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Not sure as to what working directory the task scheduler sets when you don’t specify one. If it isn’t the directory the binary is located in, you may have to set the working directory to the installation directory manually in the task.

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Just tested, exactly the same behaviour with the shortcut as a task it runs for a few seconds and then the server icon disappears from the task bar, and i can confirm is definitely not running, but task scheduler thinks it is running ? teamspeak3-server_win64\ts3server.exe inifile=ts3server.ini

Send a private message to me the next time you’re online again.
I can take a look into it if you want to.

Was this ever resolved? I have been trying to get everything to work, and I get this same issue. The only truly full proof way to go about any of this is to open the .exe myself, nothing else works flawlessly. Sometimes the server stops moments after being started, other times it’ll start but have myTeamSpeak ID connection issues(even when the .ini is added to the arguments), and I’ve never gotten it to start successfully with a .bat file or Task Scheduler.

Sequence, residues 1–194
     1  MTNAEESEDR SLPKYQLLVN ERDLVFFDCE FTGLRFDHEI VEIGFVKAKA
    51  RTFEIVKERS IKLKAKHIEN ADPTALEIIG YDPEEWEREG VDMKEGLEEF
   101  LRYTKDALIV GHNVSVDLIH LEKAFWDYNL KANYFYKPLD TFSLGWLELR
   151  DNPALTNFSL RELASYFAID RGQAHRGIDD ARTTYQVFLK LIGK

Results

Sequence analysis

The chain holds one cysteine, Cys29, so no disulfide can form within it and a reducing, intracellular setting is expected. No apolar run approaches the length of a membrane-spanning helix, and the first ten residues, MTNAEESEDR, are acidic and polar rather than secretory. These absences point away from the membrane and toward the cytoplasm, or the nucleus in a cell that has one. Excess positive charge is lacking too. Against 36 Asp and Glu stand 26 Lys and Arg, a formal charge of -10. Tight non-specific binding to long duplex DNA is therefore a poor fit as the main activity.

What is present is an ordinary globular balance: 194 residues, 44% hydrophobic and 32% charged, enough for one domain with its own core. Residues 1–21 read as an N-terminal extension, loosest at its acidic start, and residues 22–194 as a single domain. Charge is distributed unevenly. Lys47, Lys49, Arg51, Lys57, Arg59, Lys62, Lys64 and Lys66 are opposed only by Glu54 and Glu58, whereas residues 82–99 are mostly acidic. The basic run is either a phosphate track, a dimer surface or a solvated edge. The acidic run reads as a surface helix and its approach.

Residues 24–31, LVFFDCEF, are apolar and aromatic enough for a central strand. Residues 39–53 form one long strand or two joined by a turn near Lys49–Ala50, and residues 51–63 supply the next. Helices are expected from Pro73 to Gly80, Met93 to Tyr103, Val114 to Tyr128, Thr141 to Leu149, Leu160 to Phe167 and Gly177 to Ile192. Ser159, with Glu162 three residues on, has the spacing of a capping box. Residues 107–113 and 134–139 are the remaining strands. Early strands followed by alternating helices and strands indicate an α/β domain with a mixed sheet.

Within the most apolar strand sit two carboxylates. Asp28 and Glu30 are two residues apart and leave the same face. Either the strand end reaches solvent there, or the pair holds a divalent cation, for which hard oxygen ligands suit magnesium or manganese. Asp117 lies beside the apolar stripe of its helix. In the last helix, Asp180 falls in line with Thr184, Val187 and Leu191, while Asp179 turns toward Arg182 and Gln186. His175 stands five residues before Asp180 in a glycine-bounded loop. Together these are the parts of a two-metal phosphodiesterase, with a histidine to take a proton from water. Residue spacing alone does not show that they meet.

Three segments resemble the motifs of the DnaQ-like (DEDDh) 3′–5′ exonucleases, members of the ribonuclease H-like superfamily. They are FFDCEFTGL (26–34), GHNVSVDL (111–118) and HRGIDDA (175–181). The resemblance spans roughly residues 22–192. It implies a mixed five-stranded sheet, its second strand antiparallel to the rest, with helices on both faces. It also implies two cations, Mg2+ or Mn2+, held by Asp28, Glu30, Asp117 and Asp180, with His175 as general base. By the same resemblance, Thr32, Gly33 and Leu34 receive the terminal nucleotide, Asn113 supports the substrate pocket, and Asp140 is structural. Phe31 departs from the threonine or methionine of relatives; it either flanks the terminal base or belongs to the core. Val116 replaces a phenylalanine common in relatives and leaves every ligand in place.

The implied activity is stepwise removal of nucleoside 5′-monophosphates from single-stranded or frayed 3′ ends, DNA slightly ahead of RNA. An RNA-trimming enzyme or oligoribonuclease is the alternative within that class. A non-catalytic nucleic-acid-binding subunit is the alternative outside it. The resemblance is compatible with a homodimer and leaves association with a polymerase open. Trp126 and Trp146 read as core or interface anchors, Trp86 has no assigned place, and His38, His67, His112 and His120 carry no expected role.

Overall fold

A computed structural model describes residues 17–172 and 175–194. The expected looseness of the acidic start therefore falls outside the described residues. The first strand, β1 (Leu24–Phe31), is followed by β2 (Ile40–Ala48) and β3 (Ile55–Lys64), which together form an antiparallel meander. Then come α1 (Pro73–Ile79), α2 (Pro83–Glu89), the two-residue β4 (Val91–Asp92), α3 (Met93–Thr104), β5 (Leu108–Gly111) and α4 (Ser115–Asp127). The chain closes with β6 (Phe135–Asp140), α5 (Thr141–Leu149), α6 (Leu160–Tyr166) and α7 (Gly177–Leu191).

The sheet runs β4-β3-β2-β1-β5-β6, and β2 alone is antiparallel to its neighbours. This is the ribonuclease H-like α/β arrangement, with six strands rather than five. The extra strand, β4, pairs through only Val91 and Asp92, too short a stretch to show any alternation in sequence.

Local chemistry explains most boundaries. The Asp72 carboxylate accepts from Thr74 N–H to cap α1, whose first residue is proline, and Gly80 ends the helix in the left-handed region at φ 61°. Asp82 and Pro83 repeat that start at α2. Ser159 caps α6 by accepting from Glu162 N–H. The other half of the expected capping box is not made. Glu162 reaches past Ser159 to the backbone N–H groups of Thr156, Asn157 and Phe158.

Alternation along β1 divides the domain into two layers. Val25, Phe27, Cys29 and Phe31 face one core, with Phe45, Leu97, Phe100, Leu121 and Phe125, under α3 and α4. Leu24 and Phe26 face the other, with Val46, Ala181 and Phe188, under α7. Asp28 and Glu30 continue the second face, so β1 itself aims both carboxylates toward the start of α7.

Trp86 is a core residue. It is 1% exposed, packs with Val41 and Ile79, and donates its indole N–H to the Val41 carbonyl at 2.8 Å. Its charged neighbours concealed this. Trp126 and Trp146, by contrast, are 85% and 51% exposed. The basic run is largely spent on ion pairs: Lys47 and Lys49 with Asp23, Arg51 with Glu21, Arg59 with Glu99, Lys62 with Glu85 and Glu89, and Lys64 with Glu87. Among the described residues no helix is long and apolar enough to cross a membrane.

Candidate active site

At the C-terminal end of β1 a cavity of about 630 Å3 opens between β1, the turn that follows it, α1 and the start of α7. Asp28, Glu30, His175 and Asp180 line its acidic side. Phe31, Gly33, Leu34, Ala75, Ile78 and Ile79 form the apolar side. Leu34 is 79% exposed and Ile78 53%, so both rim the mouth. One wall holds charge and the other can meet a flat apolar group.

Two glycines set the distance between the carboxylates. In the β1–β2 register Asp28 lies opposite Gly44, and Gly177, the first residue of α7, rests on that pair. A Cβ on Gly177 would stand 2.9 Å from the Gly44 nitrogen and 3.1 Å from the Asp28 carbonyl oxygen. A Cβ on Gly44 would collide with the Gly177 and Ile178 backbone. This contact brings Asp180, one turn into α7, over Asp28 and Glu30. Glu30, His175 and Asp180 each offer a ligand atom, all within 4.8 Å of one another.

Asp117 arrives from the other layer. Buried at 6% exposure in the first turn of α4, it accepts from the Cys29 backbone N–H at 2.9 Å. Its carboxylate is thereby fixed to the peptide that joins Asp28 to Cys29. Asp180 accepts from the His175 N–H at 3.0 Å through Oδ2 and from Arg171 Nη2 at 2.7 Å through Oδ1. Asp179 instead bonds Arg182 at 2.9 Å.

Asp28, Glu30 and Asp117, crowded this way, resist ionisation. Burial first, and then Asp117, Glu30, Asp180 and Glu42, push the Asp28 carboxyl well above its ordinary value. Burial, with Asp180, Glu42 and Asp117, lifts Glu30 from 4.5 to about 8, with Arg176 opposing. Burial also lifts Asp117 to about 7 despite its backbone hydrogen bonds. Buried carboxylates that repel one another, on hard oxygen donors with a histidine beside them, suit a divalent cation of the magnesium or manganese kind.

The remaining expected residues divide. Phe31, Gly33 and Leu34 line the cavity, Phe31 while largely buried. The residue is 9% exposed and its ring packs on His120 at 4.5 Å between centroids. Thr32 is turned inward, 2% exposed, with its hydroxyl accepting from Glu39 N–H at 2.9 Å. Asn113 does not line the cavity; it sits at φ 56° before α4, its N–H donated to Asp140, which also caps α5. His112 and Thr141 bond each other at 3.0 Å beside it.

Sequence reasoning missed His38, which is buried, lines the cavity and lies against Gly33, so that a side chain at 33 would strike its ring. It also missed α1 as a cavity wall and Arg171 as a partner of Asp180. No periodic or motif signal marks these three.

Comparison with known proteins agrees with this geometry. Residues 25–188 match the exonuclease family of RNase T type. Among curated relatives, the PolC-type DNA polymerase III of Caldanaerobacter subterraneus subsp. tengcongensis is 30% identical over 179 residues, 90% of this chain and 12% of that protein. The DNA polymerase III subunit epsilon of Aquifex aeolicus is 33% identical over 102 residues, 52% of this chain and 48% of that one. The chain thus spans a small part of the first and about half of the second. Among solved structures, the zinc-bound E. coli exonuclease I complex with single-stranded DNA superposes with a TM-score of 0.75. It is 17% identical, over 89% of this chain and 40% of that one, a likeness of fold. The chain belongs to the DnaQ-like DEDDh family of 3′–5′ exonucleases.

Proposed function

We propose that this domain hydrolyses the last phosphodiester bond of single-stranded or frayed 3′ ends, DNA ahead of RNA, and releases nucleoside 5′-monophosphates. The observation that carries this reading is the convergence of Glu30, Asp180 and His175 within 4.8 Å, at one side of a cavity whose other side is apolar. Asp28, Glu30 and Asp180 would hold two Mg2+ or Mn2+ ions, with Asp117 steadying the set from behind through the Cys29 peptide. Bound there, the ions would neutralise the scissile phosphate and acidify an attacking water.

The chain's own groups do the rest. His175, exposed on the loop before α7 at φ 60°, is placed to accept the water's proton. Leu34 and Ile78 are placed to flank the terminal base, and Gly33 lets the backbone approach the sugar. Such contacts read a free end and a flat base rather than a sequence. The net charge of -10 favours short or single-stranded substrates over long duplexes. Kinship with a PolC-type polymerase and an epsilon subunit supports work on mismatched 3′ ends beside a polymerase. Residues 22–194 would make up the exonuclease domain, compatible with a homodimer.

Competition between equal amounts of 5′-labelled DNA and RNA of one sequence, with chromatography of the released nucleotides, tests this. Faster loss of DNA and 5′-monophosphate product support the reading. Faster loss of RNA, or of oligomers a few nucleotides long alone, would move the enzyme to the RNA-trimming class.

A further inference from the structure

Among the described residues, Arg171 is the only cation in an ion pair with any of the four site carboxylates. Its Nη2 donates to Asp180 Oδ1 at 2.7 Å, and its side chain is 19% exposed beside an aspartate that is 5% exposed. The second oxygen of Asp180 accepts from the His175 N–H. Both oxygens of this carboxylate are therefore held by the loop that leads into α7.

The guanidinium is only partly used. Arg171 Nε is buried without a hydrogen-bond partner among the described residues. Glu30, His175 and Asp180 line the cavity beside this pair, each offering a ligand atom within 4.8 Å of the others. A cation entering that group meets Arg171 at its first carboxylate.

It always depends on how you connect to the server (host).

For example:

A closed Windows RDP connection will not logout the user it just locks Windows (back to the login screen).

If you wanna start TeamSpeak in the background you need have an existing user with the required permissions.

Just create a task in the task scheduler and select as trigger „System Startup“.
The action needs to be the ts3server.exe and optional your arguments, e.g. inifile=ts3server.ini